Jim O’Neil: No, but I am saying that from the perspective that we come from, we couldn’t agree more that culture and conduct are huge risks for all banks, including RBS and Lloyds. It is something RBS had made us aware of over some period of time. Earlier this year, we were formally informed by RBS and then in our regular discussions with the FSA of an investigation. Our role, as shareholder, is to ensure that they are co-operating fully and taking appropriate action as they see it. We do periodically ask them about that. As shareholder, we are awaiting the results of the report. Our job as shareholder is to ensure that that is addressed appropriately by the board.

Q83 Jesse Norman: Have they discussed qualification or provision against it?

Jim O’Neil: No.

Q84 Jesse Norman: A final question. When we come on to value for money for taxpayers, which you have talked about, you have said that you think it is unlikely that the full value will be recovered. What kind of criteria will you use to make a judgment? Will it be the one you adopted with Direct Line, that is to say, "We essentially need to sell this business for other reasons, and therefore we will take the best offer" the best market bid, if you like, through various channels, or will it be, "We as UKFI are happy to sit here and take potentially high profits from its franchise over a period of years and we don’t really want to sell it"?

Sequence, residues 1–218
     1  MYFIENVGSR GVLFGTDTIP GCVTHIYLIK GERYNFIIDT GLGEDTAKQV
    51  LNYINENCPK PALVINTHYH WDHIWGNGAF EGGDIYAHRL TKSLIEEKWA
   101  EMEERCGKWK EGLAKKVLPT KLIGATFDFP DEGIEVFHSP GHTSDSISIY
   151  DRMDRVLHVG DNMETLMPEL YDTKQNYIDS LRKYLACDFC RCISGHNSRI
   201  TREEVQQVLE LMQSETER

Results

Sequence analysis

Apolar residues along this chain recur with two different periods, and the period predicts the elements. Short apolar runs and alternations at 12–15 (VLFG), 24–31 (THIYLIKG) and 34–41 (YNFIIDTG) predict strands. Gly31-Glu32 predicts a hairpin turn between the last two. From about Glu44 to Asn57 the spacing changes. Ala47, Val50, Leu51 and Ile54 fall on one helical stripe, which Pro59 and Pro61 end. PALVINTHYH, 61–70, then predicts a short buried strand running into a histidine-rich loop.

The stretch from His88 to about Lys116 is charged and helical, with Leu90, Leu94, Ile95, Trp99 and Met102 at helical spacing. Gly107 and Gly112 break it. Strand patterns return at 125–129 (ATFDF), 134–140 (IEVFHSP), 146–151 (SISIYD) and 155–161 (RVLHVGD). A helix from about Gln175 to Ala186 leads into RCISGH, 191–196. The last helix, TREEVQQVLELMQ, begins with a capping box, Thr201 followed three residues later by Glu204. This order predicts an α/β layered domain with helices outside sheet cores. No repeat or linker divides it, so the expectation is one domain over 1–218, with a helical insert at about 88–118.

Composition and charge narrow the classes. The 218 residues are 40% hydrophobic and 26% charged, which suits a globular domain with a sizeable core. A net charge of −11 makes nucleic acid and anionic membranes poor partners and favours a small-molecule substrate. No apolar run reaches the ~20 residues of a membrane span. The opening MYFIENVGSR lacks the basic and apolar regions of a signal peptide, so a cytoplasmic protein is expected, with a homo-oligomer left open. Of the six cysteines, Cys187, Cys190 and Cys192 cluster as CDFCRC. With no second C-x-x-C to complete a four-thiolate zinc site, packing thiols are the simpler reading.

Jim O’Neil: I don’t think I ever said that the money would never be recovered. I think what I was saying is that the economy, regulation needs to settle down and the markets need to recover, so a lot needs to change for that to happen, so just to adjust that.

Jesse Norman: Sure.

Jim O’Neil: Please stop me if I am not answering your question correctly, but in terms of value for money, we look at the intrinsic value and make an assessment of where we think the banks are based on what we know today. One of the challenges is that there are so many uncertainties with banks, and it is hard for any shareholder to have a good view of why RBS trades at 0.5 times book, Barclays trades at 0.6 times book, or why Lloyds trades at 0.7 times book. There is no clear reason why they all trade at those levels, so it is very difficult to assess what value for money is. As these banks normalise and hopefully conditions settle down, that will be an easier assessment.

Q85 Jesse Norman: But if the Government decides to sell, will your job be to say, "No, we think it’s a bad idea to sell" or to say, "We will assess the correct value"?

Jim O’Neil: Our job is to assess and make value for money recommendations to the Government.

Q86 Chair: A moment ago you said, Mr Budenberg, you-that is UKFI-were involved in a misjudgment about the public reaction to the bonus. What that means, isn’t it, is that the RBS board and UKFI both made the same misjudgment about that reaction, just to be clear?

Robin Budenberg: Yes.

Q87 Chair: Before you came to make that judgment, which turned out to be a misjudgment, did you consult the Treasury?